Next Sunday, two of Europe’s rugby heavyweights go head to head in Marseille – current Heineken Cup champions Toulon hosting two-time winners Munster with the prize a place in the 2014 final in Cardiff.
And lining up in the French ranks, yet another heavyweight, Mathieu Bastareaud.
Look at him up close and Basta comes across as a giant teddy-bear; he stands 1.83 metres and weighs in at a hefty 120 kilos. There is a soft innocence about his eyes and when he speaks it is almost a whisper, more treble than bass.
But on the field the 25-year-old is a burly, bruising battler who has come of age this year as an international centre and who is a key man in Toulon’s bid to retain the trophy.
Focus is perhaps the biggest difference between the 2014 Basta model and the 19-year-old kid who gatecrashed his way into the France team in 2009, only to cause a diplomatic incident in New Zealand when his claim that he had been assaulted in the street turned out to be a lie covering up an internal French team fracas.“That tour to New Zealand was a bad time for him,” says Remi Bonfils, a close friend of Basta since they joined the Stade Français academy together.
“He doesn’t talk about it. As far as I am concerned it is a closed chapter. But it is part of life. We all make mistakes.”
Bonfils, who is still at Stade Français, first came across Bastareaud when they were kids.
”We are both from the Paris region. I used to play for Villiers-sur-Marne and he was with Creteil. We were 12, maybe 13 and he was already this big beast.
“When you are kids in France you don’t have definite positions but he was obviously the key player. They would put him in the centre and get the ball to him as much as possible and let him go. Even then he was hard to stop. So not much has changed since then.”
In 2011, Bastareaud called time on the French capital. Stade Français was a club in turmoil and the Toulon revolution, inspired by the comic book millionaire Mourad Boudjallal, was underway.
“Basta needed to have a new objective,” says Bonfils. “Toulon were recruiting a lot of new players. And I think he needed to cut from Paris for a bit. And maybe he wanted to follow in the footsteps of Tana Umaga.”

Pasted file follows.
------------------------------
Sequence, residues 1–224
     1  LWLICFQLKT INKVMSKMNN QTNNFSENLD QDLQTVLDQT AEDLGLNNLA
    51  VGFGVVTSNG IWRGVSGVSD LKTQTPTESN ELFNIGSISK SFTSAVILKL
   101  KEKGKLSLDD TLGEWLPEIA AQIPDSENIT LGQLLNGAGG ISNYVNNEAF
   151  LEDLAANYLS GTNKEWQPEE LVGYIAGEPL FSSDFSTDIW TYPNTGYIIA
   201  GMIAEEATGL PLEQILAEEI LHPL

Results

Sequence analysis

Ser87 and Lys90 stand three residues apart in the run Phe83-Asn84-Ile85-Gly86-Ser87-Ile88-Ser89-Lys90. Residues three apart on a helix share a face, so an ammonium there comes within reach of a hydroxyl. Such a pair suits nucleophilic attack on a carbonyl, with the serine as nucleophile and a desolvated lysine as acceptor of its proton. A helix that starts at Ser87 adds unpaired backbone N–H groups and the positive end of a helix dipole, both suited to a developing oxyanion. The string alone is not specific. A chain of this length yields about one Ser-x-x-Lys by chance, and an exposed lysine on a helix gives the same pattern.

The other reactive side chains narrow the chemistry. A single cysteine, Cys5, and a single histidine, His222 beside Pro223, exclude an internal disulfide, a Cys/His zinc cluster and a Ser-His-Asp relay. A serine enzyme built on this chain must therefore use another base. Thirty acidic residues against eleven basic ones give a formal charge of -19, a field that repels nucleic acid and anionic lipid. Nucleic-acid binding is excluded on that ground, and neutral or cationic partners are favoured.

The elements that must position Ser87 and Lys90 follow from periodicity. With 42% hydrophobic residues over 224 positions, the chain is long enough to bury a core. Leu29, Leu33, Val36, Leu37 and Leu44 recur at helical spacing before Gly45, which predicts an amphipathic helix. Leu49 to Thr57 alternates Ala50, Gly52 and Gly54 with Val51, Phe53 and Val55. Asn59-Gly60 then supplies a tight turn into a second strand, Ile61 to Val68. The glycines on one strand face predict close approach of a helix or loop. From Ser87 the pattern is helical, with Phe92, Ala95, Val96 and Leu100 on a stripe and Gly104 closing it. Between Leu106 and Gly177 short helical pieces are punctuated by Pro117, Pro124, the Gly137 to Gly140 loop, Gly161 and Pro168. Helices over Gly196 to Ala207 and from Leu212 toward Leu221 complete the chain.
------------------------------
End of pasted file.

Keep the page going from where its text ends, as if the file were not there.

Ah yes. Umaga. The All Black centre who will be remembered in Britain and Ireland as the man who single-handedly derailed the 2005 Lions with a cynical spear tackle on Brian O’Driscoll in the opening exchanges of the first Test.In France, he is a divinity, the man who came to Toulon when they were in the second division and paved the way for so many other leading names to join the Top 14. Which is why he is Basta’s role model.
“I would say that is an ideal choice for Basta,” says former Wallaby centre Morgan Turinui, once of Stade Français and now in Lille.
“Umaga started off as a pretty one-dimensional player, a winger who couldn’t pass the ball. He was a finisher. But he turned himself into the best centre in the world through sheer hard work, dedication and consistency.”
Turinui is in no doubt that Batareaud’s move to Toulon has made him.
“He is on the way to becoming the complete footballer now. His passing left and right has improved, he has added small elements to his game.
“He has always used his God-given strength well. But the things he did poorly in the past, he has worked on. Fitness is one them. Three years ago, he would go on a run and you wouldn’t see him again for five minutes. He is much fitter now.”
The move also brought him into contact with two of the modern game’s finest players, England World Cup winner Jonny Wilkinson and Turinui’s old Wallaby teammate Matt Giteau.
“Hopefully I have been able to help him,” says a modest Giteau, capped 92 times by Australia.“But someone like Jonny (Wilkinson) has been key for him in terms of understanding the work ethic and realising you have to keep practicing. He can’t help it really. I mean, I am continually learning off Jonny.”
Turinui is impressed by the Giteau-Bastareaud partnership.
“It is the Ying and the Yang, they are a dangerous combination. Toulon use Basta as a decoy a lot. He attracts a lot of attention and that leaves space for Giteau. And it can work the other way as well. Matt’s pace and vision can create an opening for Basta.”
Bastareaud has only scored two tries in the Top 14 this season but Giteau has benefitted from his partner’s work with nine touchdowns. The Australian certainly sees more than the one-dimensional crash-ball warrior who pitches up for France.
“Mathieu always takes tacklers with him so I am grateful for the extra space he creates. You can see how dangerous he is but when his confidence is up then he goes to another level
“He is continually working on his kicking, passing. He is a lot more than a crash runner. His short passing, his offloading, so many aspects have become top quality. It isn’t fair to pigeon-hole him.
“He has matured in terms of his work ethic. He wants to improve. Now, rugby is more than just fun. He wants to achieve things.’
Bastareaud has already played his part in taking down one Irish province, Leinster, in the quarter-finals. Don’t be surprised to see him doing it all over again against Munster.
©Barney Spender 2014
A version of this story first appeared in the Irish Examiner April 4, 2014
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